Though most are unaware, there are actually five different versions of Foghat's "Slow Ride" that one can easily find on various records.  The original studio version clocks in at nearly nine minutes, and this take on the song is rarely heard, as it is a far cry from a length that radio stations will permit.  With this in mind, the band edited the song down to just under four minutes for radio airplay, and this version of the song is certainly the most well known.  Yet there are also a few live versions of "Slow Ride" that have been "officially" released, and all of these are longer than the original studio version, yet have an energy and drive that is just as enjoyable to experience.  However, when one breaks the song down to its core elements, one can make the case that it is slightly more in the punk rock world than it is in the "hard rock" arena.  The reality is that the song is based around a powerful three-chord progression, and many people argue that this style is the "basis" of the punk rock sound.  When one adds in the overall crunch and drive that in many ways defines "Slow Ride," this idea is made even stronger, and yet most completely dismiss the track as anything more than a hard rock classic.  Regardless of how one defines the song, there is no denying the fact that it has endured the decades far better than nearly any other song of the era, and there has rarely been another track that can compare to the sound and strut that one can find on Foghat's unforgettable 1975 single, "Slow Ride."

Tuesday, November 29, 2011

Daily Guru: "Something Old, Something New #29"

It’s Tuesday, and that means it’s time for another dose of “Something Old, Something New” with The Daily Guru. Share and enjoy.

November 29: The Chiffons, "One Fine Day"

Artist: The Chiffons
Song: "One Fine Day"
Album: One Fine Day
Year: 1963

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Though many people may wish to group them all together under a rather strict style, the reality is that within the sub-genre of the so-called "girl groups" of the 1960's, there was as much musical diversity as one can find anywhere else.  While one can argue that there is a common sound that links them all together, one can find variations across the board in terms of tempo, intent, and power, and it is these differences that make the era one of the most exciting in all of music history.  Due to the fact that there were so many different approaches within a somewhat similar configuration, one can find a number of exceptional acts, and yet few delivered with the same power and style that one can find in the catalog of The Chiffons.  For more than a decade, the quartet recorded some of the most beloved songs in history, and to this day, one would be hard pressed to find another act from the time period that has been covered as often as The Chiffons.  Bringing a sonic confidence that was far beyond that of nearly all of their peers, it is this distinctive sound and swagger that keeps many of their songs sounding just as fresh today as they did more than four decades ago.  Though the group is responsible for a handful of the most memorable songs of all time, few can compare to the sound and resonance of The Chiffons' unforgettable 1963 single, "One Fine Day."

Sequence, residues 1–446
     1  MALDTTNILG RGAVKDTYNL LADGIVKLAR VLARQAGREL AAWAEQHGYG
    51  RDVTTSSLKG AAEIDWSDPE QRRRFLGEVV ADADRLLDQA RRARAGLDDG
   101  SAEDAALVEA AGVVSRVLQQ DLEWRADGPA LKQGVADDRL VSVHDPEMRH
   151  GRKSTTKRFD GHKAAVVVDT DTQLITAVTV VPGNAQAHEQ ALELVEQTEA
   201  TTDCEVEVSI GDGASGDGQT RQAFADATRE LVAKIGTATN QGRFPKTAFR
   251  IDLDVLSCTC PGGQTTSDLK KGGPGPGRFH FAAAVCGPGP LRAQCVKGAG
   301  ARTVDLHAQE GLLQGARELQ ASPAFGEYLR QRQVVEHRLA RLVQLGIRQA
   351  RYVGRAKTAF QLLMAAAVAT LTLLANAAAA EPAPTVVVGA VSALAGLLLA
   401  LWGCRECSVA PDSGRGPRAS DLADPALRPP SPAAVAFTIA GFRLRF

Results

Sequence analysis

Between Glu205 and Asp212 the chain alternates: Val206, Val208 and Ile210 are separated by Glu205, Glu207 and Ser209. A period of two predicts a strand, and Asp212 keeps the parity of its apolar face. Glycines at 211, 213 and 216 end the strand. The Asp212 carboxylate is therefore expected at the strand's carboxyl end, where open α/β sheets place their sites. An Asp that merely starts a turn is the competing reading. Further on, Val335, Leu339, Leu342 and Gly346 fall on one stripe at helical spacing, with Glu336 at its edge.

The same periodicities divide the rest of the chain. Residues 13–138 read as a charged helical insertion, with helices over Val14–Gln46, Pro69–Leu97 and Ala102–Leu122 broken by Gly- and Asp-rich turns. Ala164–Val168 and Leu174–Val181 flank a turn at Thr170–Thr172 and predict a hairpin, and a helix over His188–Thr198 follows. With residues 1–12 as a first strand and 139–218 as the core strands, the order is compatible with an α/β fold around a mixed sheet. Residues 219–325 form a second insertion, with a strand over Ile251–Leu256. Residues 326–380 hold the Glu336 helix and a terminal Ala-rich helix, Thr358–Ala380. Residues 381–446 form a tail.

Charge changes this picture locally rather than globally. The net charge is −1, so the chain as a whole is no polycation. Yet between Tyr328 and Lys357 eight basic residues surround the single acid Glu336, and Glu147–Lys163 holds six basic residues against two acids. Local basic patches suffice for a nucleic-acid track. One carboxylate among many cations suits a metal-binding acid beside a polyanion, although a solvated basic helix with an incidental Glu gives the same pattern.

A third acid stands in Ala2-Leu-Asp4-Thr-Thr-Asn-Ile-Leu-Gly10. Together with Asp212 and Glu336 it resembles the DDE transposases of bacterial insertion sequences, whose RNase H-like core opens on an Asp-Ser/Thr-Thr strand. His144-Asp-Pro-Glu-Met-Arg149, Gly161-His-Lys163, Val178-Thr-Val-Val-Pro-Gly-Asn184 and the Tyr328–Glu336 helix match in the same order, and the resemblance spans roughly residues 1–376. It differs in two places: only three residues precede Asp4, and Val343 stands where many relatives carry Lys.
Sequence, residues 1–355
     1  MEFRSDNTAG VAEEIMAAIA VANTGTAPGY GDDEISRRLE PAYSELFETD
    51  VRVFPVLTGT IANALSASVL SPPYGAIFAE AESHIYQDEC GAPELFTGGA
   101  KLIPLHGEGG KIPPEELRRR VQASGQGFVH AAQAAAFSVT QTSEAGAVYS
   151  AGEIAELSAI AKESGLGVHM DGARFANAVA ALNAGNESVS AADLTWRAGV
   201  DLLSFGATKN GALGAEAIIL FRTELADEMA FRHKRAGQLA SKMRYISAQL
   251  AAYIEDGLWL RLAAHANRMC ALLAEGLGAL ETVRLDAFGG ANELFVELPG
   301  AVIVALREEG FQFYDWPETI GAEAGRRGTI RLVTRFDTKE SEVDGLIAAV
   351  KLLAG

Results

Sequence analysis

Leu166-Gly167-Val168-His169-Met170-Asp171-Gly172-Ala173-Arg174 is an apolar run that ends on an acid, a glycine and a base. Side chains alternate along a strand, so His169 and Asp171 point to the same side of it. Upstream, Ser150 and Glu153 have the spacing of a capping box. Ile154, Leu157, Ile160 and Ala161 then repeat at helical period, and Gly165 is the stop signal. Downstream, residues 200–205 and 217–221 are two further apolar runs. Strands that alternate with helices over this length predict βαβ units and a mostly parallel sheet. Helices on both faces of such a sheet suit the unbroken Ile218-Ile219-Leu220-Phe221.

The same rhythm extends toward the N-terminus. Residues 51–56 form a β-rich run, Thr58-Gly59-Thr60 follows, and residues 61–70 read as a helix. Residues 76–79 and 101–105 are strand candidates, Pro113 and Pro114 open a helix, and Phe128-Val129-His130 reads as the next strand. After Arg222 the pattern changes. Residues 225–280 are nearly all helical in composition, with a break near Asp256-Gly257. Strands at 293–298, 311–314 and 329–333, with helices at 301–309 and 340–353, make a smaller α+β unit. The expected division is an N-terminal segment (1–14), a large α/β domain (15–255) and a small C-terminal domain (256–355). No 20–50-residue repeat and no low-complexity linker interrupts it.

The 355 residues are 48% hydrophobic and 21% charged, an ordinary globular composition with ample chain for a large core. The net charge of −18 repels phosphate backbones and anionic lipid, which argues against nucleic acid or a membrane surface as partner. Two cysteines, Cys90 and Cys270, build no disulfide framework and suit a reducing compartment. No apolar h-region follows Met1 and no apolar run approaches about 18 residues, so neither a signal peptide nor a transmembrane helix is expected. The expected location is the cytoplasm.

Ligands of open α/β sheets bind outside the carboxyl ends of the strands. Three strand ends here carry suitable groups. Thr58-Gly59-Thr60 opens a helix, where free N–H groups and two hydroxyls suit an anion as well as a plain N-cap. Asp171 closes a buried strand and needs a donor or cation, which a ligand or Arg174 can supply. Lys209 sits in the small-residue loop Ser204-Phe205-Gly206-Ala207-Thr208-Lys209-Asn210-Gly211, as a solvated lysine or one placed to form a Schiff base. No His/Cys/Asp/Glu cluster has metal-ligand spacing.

From the moment that the song begins, "One Fine Day" is an absolutely glorious celebration of life, and even after more than five decades, the energy and overall feeling of the song has yet to be matched.  There is no question that this song stands as one of the finest in writing catalog of the team of Gerry Goffin and Carole King, and it is the latter's performance on the song that while often overlooked, is one of the keys to the appeal of the track.  Truth be told, the piano riff played by Carole King that opens the song remains one of the most memorable in the entire history of music, and yet it is the way that her piano delivers what is almost an additional vocal line with the triplet-style fills with which she follows many of the lines.  There is a strength and aggression within her playing on "One Fine Day" that is rarely found elsewhere, and it is this approach that helps to perfectly mirror the similar style found within the singing.  Furthermore, the fact that her piano is so far forward in the mix is a rarity for any era of music, and even when the song seems to fall off tempo for a moment, the overall spirit is never lost.  It is the way that "One Fine Day" seems to sway back and forth that is in many ways the epitome of the "1960's sound," and one can easily picture the song being played in an old soda shop or a sock hop, and yet the song still has a massive appeal within the current music scene.